The D&C in the triangle is a headstamp used by DREYSE & COLLENBUSH Sommerda Germany. I believe “Lang Fur Buchsen” is 22 long rifle. I don’t thing I’ve seen a 22 LR with this headstamp. Normally you see this HS on Floberts and 9mm #350 Sharps. As for dates I’ve heard pre WWI and another source was pre WWII.
A GREAT box Bob, very nice indeed!
The location is Sömmerda, a town north of Erfurt in Thuringia.
Nikolaus Dreyse, of needle-gun fame, was co-owner of a company called Dreyse & Collenbusch which produced, among other things percussion primers.
When the needle-gun business started, Dreyse started a gun factory, but the old primer factory stayed in existence as a totally different entity.
When the needle-gun was overtaken by modern developments, the gun-factory was sold by Dreyse’s son to Rheinmetall. I became the famous place where Louis Stange designed his machine guns.
The still existing primer factory was expanded and eventually renamed Selve-Kronbiegel-Dornheim AG, abbreviated Selkado. Selve being one of the largest brass manufacturers for ammunition, Dornheim a trading-house. Due to widowing/marriage (in short) the family name Collenbusch changed to Kronbiegel.
This explains why the D&C logo appears on the SELKADO box. “Dc” was also used as a manufacturer code on military ammunition labels. Until 1945 it was the largest producer of primers in Germany. Today absolutely nothing is left of it, while many buildings of the Rheinmetall factory are still standing.
P.S: The name Selkado came into being 1924.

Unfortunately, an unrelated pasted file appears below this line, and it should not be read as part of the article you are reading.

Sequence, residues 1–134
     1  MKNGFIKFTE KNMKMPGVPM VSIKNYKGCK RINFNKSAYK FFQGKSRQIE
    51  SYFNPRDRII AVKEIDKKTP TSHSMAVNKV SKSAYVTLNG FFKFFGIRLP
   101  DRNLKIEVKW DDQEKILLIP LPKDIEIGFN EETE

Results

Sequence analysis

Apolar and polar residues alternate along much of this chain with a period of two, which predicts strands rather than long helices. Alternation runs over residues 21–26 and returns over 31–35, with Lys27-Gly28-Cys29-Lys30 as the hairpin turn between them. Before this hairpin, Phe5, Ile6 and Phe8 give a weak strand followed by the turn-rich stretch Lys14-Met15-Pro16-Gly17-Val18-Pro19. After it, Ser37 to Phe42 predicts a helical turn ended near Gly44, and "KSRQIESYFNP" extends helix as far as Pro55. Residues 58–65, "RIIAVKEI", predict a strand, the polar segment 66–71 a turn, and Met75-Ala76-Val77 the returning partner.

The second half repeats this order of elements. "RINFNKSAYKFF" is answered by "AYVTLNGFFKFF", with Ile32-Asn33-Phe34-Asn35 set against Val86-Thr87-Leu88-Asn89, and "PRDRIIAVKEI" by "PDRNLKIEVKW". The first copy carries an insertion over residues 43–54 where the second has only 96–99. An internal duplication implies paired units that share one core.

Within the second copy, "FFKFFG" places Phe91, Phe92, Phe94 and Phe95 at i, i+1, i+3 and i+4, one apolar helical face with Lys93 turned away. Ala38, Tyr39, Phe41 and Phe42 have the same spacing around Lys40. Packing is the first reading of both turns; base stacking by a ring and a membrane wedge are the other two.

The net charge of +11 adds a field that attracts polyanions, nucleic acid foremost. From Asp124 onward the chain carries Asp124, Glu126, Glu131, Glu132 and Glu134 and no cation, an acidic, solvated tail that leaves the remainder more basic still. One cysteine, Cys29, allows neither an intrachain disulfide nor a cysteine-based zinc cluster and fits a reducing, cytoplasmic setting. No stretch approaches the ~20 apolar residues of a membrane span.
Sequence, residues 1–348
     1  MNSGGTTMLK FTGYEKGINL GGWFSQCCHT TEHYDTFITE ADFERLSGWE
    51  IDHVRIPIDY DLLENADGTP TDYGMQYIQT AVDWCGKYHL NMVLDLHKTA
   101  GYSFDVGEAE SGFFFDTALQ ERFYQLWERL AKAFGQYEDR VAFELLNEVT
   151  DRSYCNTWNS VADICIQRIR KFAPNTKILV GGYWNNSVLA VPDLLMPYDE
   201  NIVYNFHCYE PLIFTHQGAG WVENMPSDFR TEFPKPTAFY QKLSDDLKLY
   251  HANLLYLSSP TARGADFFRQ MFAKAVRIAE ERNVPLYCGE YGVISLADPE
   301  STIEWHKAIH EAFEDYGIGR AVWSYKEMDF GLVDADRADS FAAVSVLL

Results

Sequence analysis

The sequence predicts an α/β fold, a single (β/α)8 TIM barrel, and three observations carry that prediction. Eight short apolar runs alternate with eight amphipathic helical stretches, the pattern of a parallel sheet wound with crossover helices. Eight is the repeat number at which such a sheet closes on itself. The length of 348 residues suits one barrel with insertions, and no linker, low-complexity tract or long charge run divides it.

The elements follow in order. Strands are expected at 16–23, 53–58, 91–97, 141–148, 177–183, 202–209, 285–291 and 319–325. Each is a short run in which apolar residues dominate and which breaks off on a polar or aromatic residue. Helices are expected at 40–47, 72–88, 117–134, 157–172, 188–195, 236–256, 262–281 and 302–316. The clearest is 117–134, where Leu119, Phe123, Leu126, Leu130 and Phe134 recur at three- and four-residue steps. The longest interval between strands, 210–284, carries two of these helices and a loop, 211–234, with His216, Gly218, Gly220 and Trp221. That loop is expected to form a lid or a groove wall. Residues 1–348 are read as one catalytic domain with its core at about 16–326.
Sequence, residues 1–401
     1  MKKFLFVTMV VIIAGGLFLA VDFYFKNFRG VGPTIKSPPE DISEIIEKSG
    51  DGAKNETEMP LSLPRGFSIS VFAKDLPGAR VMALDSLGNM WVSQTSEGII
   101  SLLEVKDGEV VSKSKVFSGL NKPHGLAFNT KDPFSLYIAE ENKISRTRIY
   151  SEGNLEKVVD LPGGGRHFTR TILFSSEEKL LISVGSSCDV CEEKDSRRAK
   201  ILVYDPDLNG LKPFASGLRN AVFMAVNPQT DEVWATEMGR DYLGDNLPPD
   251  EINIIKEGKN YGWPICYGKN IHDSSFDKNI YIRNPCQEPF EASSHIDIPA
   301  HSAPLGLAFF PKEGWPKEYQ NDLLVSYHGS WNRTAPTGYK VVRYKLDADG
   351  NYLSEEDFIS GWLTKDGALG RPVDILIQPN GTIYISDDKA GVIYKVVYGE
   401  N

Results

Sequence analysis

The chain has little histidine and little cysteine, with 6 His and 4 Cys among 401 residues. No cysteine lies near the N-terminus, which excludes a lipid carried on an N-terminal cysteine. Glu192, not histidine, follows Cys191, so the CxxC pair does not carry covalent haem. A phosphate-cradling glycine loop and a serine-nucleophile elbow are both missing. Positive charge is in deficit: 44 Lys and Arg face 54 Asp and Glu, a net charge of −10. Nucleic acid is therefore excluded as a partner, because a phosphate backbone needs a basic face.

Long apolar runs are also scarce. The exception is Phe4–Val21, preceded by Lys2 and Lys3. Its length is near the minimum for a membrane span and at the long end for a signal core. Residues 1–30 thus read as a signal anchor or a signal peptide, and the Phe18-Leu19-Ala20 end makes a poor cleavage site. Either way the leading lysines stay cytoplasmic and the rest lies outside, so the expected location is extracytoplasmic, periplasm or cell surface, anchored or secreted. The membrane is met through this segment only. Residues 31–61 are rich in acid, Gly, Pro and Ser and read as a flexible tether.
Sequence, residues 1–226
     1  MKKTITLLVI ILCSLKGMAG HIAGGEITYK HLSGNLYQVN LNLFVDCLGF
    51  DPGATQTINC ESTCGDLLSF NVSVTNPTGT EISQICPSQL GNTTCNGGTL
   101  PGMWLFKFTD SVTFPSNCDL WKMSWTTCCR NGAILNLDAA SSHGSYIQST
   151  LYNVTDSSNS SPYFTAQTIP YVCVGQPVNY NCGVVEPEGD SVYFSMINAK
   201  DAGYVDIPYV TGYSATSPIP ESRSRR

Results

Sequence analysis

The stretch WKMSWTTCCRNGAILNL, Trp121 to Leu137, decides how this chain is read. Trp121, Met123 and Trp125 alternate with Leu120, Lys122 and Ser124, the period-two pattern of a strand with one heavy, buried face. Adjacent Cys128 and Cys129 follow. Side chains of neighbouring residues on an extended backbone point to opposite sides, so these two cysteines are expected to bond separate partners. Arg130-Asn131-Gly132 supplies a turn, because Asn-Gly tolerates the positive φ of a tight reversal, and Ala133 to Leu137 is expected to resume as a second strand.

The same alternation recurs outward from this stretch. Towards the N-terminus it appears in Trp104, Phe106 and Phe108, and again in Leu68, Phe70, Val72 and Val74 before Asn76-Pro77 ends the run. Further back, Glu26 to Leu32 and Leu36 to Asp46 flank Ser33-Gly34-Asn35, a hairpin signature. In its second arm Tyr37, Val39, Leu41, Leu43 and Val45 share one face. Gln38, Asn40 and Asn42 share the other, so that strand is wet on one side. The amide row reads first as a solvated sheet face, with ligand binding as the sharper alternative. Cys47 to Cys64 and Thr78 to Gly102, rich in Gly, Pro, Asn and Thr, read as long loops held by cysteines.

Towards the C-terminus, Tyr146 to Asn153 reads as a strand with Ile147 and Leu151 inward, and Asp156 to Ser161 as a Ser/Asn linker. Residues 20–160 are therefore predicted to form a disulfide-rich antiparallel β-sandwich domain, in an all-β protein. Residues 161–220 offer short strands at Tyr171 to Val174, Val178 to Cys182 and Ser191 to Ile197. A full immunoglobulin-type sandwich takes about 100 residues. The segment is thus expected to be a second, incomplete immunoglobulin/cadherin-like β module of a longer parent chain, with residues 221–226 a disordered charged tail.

Bob, nice box! I’m not sure if cartridges inside had the D&C logo, but this headstamp is found in .22 Short & Long. As a starting date, the firm of Dreyse & Collenbusch was incorporated to Selve-Kronbiegel-Dornheim A.-G. (SKD/Selkado) of Altena in 1924, but I would say that this is a later issue box because the very early ones had the trademark “Selkado” under the D&C logo, but still listing Munitionsfabrik Dreyse & Collenbusch, Sömmerda as the manufacturer. SKD moved to Sömmerda in 1934.
If someone is interested I can post pictures of a .22 Short D&C box and headstamp in the following days.
Great information about primers, JPeelen
An all-paper 2-piece half-cover Berdan ‘tin’ in my collection. The bottom is plain, the side seal is blue, and it is 2 7/8" in diameter.
I guess the newspaper(?) was a filler to keep the primers in place during shipping when the container was originally full. Be interesting to know what it says & if it is, or isn’t original to the container.
The text is of the sort: what happened 25, 50, 100 years ago.
It does not refer to a certain day, but to events in February, it seems. For example, in the middle line the slaying of James Cook (Weltumsegler = sailed around the world) in 1779 is mentioned (14th Feb.), while Gabelsberger was born on February 9th 1789. So a possible date for this piece of paper is 1889, 1899 or 1909.
It certainly looks like newspaper print. But considering the range of dates, probably from a periodical appearing on monthly or bi-monthly basis.
I do not think it was inserted by the factory; looks too cheap for a proud company. More probable is the end user after removing part of the contents.
JPleelen, thanks for the rough translation & input. You make perfect sense.
I found these pictures on a website for Historical Technical Museum Sommerda.
This shows a partial side label.